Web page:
In the recent Federal Circuit decision in In re Steelbuilding.com, No. 04-1447 (July 11, 2005), the Federal Circuit held that the TTAB erred in holding the mark STEELBUILDING.COM generic. In a decision that provides a helpful roadmap for future cases (particular for "________.com" marks), the Court held that the Board described the genus wrong, made its decision on too little evidence, and gave too short shrift to the effect of the ".com" TLD portion of the asserted mark.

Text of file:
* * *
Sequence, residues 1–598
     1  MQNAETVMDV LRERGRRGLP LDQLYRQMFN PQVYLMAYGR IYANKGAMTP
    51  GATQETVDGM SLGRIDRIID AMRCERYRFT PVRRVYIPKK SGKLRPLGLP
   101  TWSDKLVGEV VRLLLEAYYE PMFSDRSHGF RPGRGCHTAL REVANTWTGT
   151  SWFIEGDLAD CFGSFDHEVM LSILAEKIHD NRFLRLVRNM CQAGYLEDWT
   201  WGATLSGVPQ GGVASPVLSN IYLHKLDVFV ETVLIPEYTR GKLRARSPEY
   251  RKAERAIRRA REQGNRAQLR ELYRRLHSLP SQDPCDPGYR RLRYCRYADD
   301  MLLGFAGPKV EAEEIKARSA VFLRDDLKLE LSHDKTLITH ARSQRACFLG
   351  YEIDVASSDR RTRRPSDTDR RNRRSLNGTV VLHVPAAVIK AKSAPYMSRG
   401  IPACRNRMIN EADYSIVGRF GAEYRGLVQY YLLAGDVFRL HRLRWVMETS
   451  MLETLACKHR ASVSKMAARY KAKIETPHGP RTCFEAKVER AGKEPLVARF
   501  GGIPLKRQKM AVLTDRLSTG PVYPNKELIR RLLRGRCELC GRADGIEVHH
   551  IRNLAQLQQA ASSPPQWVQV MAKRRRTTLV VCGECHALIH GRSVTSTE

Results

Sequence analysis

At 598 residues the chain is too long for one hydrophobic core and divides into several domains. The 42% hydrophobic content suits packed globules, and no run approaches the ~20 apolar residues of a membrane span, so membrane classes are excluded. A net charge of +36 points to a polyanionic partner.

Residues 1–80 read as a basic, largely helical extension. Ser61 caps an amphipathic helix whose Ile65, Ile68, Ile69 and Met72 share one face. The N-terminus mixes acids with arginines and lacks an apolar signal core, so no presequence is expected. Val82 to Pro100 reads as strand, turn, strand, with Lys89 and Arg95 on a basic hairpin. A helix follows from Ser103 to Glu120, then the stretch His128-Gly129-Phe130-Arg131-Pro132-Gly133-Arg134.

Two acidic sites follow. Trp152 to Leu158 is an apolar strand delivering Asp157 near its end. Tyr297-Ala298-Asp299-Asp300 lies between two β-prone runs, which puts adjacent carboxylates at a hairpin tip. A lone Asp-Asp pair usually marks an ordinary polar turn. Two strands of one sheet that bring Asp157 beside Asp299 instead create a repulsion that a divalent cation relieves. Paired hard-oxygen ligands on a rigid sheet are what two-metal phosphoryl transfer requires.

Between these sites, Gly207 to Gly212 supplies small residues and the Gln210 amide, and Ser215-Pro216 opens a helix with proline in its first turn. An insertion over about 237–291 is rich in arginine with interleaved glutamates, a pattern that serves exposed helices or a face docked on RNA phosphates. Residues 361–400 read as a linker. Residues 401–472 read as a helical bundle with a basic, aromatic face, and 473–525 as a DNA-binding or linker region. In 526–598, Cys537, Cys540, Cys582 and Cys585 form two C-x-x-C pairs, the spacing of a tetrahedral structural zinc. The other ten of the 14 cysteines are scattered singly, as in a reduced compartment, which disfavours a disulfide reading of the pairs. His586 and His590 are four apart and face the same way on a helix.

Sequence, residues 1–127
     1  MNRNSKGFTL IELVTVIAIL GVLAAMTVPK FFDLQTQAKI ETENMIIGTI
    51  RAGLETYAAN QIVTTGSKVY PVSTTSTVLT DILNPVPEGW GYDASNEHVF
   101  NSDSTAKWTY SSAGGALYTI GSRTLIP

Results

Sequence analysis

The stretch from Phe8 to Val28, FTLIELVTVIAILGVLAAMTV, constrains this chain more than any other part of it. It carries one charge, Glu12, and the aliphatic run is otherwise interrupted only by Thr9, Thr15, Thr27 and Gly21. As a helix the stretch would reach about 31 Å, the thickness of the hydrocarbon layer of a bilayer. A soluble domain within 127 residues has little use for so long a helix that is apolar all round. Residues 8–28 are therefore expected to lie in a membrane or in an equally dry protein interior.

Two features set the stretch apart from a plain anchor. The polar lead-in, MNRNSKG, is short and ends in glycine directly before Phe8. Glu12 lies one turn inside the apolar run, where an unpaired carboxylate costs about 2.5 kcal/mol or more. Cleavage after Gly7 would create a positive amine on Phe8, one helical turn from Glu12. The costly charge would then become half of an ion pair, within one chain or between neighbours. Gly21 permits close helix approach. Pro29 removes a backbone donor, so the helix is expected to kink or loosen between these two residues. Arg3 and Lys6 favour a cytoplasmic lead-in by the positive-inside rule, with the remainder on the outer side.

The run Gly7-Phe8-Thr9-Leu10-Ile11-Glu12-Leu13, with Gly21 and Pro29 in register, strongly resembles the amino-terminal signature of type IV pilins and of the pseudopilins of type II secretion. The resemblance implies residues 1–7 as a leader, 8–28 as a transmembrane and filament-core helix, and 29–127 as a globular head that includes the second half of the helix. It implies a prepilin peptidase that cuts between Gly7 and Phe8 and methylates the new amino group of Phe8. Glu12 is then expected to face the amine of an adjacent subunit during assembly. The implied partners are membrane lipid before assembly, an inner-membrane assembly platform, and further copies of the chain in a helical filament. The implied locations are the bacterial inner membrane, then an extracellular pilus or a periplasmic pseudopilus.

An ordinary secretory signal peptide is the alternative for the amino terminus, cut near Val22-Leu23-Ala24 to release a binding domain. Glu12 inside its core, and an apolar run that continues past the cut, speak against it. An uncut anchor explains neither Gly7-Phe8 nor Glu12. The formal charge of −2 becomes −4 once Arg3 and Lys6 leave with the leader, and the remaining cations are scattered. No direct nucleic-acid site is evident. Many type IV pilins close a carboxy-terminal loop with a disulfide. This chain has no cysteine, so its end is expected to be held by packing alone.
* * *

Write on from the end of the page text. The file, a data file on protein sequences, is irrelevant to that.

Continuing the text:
Unfortunately for the applicant, the Federal Circuit did uphold the Board's decision that the mark was merely descriptive and, over a dissent, that it lacked secondary meaning. Curiously, the majority didn't even mention much of the evidence in the record that Judge Linn's dissent thought required a vacatur of the Board's finding of no secondary meaning. It's frustrating when a dissent mentions evidence in a record that it thinks requires a contrary result, yet the majority doesn't even deign to say why that evidence didn't require a different result from the one it reached. That situation makes it hard to figure out how to use the decision as precedent in future disputes.